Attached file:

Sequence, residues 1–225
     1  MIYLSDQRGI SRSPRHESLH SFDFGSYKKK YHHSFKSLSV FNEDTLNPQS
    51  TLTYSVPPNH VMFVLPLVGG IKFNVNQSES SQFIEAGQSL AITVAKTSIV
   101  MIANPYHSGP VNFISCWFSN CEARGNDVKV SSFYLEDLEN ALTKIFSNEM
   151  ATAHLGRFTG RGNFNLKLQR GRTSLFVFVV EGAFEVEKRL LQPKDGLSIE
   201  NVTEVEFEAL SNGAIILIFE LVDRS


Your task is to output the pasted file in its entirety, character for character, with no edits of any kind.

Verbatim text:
Sequence, residues 1–225
     1  MIYLSDQRGI SRSPRHESLH SFDFGSYKKK YHHSFKSLSV FNEDTLNPQS
    51  TLTYSVPPNH VMFVLPLVGG IKFNVNQSES SQFIEAGQSL AITVAKTSIV
   101  MIANPYHSGP VNFISCWFSN CEARGNDVKV SSFYLEDLEN ALTKIFSNEM
   151  ATAHLGRFTG RGNFNLKLQR GRTSLFVFVV EGAFEVEKRL LQPKDGLSIE
   201  NVTEVEFEAL SNGAIILIFE LVDRS